CHICAGO – Eight television trucks were lined up outside of the Cook County City Hall in Chicago’s Loop May 29 at 11:15 a.m. Fifteen minutes later, county workers were filling the sidewalks as they marched around the block-square building. For two hours the vigorous pickets, members of several local unions affiliated to District Council 31 of the State, County and Municipal Employees (AFSCME) sang songs, the most heartfelt being the now familiar, “Everywhere we go/People want to know/Who we are/So we tell them/We are the unions/Mighty, mighty unions.”

This year 12 AFSCME locals are involved in negotiations with the county, with settlement stalled by county demands for give-backs. The county board wants to dilute health benefits and initiate big co-pays that especially attack young workers with children. They also offered tiny cost-of-living increases for the next three years. The union says the net result would be lower income for their members.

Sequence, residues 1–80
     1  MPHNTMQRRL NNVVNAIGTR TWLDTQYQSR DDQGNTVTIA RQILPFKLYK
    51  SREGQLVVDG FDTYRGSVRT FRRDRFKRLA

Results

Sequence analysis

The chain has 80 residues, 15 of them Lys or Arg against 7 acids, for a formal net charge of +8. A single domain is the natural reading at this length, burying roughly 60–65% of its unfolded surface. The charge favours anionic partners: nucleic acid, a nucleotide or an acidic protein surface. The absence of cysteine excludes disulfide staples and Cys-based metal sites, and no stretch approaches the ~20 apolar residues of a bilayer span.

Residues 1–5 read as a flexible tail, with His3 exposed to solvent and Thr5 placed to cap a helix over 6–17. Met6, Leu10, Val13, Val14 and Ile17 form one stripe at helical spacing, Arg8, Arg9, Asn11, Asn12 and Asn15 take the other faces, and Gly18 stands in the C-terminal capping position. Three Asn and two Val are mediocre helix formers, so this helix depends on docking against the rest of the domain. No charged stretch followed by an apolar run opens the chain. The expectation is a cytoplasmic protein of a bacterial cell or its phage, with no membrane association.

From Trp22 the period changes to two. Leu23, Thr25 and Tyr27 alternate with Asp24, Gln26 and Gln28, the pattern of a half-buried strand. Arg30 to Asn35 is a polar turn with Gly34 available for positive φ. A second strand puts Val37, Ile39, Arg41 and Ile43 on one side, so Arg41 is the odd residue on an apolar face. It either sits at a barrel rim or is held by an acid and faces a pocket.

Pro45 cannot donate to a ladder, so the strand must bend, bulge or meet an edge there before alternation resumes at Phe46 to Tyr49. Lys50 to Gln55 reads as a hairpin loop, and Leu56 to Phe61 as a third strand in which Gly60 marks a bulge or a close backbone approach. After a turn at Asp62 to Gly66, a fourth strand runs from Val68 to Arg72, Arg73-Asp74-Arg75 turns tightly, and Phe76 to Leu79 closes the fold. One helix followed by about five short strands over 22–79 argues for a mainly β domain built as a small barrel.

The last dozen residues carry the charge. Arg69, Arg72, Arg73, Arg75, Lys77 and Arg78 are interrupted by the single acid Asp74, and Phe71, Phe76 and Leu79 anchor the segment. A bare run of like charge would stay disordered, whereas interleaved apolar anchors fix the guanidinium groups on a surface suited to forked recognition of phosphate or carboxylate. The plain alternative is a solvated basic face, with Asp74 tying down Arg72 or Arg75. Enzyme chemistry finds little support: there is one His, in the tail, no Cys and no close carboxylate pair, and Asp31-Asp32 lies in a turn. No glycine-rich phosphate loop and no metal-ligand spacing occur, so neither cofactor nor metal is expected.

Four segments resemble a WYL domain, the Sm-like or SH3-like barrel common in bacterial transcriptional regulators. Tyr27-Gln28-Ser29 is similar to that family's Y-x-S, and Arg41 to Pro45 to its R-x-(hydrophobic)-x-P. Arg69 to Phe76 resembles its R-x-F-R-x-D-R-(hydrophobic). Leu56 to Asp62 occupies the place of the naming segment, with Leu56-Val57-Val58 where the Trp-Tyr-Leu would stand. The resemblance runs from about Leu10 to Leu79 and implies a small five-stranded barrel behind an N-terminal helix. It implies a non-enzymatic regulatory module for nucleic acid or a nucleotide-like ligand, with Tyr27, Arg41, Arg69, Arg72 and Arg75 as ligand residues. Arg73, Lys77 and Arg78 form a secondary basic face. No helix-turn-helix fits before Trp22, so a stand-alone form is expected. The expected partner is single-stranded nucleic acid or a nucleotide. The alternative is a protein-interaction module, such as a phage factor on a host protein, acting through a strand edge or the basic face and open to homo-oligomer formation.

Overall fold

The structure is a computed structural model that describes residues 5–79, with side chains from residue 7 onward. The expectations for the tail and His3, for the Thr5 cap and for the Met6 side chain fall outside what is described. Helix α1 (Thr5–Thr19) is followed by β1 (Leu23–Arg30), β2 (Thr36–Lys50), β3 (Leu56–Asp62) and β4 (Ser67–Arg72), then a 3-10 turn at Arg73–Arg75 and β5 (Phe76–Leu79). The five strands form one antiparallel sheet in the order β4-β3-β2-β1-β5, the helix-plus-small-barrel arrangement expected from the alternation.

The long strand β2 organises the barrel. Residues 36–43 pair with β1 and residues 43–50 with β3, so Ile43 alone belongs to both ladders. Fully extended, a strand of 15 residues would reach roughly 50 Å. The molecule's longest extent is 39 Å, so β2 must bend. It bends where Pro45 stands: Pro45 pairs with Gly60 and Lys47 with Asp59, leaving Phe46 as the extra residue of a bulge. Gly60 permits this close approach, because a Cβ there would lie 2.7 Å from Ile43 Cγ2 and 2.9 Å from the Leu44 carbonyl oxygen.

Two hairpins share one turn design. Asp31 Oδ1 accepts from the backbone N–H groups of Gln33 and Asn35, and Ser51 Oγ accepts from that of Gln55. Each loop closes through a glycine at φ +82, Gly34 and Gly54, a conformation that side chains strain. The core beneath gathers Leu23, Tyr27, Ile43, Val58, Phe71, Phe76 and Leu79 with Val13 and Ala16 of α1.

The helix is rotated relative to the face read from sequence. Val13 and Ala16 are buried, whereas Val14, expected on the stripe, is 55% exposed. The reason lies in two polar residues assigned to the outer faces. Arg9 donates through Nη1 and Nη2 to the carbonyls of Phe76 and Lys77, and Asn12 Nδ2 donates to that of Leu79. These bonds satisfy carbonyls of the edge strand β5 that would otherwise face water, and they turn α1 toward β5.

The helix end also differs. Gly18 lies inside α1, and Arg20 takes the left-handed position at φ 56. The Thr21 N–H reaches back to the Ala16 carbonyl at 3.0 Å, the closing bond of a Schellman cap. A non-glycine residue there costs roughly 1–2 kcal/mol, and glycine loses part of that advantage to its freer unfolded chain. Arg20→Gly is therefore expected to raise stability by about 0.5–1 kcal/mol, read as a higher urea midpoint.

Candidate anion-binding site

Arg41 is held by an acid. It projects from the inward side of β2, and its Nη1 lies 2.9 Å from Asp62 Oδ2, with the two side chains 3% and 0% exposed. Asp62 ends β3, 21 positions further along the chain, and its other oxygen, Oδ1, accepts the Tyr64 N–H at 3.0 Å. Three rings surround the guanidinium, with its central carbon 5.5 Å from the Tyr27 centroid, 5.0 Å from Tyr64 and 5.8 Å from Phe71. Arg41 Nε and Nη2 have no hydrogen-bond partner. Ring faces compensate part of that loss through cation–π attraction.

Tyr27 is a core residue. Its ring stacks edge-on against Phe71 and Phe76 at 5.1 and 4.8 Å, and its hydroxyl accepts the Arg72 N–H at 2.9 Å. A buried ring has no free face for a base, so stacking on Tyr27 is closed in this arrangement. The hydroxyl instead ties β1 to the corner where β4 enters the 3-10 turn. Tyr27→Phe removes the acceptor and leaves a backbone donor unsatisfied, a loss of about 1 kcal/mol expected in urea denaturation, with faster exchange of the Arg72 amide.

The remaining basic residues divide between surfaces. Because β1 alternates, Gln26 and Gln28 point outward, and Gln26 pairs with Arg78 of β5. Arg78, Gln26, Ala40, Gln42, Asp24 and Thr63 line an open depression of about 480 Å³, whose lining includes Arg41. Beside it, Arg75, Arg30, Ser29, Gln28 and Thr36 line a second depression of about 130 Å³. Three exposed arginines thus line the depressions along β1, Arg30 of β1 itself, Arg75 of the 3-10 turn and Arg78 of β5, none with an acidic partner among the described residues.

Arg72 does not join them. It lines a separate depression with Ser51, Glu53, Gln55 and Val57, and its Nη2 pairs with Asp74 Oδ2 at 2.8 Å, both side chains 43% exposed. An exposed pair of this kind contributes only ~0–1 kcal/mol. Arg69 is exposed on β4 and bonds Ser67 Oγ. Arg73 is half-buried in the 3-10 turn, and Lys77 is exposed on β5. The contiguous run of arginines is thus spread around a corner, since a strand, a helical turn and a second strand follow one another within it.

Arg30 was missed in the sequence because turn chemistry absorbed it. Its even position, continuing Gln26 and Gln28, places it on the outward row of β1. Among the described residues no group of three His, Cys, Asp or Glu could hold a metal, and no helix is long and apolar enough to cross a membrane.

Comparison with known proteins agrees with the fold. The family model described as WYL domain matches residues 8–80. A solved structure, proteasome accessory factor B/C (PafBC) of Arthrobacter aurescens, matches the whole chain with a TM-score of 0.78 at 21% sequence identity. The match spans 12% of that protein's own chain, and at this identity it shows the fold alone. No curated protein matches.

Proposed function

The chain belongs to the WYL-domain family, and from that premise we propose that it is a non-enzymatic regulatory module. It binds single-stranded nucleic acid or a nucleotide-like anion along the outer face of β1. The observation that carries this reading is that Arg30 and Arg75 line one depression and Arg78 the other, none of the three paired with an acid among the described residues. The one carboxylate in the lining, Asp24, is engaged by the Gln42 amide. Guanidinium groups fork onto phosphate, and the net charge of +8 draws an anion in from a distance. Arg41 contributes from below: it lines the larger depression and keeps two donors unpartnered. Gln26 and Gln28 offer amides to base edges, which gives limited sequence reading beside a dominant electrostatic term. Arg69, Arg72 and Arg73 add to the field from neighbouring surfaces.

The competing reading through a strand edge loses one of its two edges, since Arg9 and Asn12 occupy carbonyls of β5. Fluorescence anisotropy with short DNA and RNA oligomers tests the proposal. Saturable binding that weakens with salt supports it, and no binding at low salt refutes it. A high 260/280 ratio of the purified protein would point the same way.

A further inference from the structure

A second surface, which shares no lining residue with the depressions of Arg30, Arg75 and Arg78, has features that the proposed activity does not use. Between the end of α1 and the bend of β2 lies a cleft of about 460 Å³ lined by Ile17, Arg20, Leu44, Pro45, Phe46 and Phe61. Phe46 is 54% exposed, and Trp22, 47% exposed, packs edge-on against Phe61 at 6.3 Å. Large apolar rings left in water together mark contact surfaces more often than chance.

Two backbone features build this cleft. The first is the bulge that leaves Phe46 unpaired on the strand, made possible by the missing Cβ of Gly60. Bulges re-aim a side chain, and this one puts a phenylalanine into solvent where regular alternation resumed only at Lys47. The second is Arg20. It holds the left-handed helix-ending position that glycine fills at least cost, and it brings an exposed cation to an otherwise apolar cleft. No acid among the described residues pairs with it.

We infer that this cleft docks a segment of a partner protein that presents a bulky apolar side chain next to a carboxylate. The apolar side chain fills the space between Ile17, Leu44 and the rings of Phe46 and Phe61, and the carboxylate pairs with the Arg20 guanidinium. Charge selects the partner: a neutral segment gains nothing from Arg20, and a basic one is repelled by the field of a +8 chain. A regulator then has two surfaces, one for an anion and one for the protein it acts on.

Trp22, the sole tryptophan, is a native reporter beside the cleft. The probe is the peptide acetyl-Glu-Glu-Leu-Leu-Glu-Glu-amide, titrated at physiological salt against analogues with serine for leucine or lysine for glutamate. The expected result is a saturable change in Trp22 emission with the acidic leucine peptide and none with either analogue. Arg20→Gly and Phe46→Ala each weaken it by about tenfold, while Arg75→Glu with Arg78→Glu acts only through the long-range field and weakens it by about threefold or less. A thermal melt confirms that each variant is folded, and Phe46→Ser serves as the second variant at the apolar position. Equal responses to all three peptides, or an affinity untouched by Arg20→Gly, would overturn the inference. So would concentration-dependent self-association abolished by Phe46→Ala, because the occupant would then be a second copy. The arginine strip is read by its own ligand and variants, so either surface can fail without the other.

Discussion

Jail employees, court clerks and hospital workers carried signs reminding the public that the 14 commissioners voted themselves substantial raises – 48 percent for President John Stroger, 39 percent for the others.

“We wanted them to know who we were,” said Shelby Richardson, a member of the local representing court clerks. “We didn’t want anyone to miss our determination to win a decent contract.

Intention-to-strike cards, authorizing the union leadership to call a strike, have been signed by an overwhelming majority of the local’s membership.

“Stay tuned,” Richardson said, “The AFL-CIO affiliates in Cook County will remember in November.”

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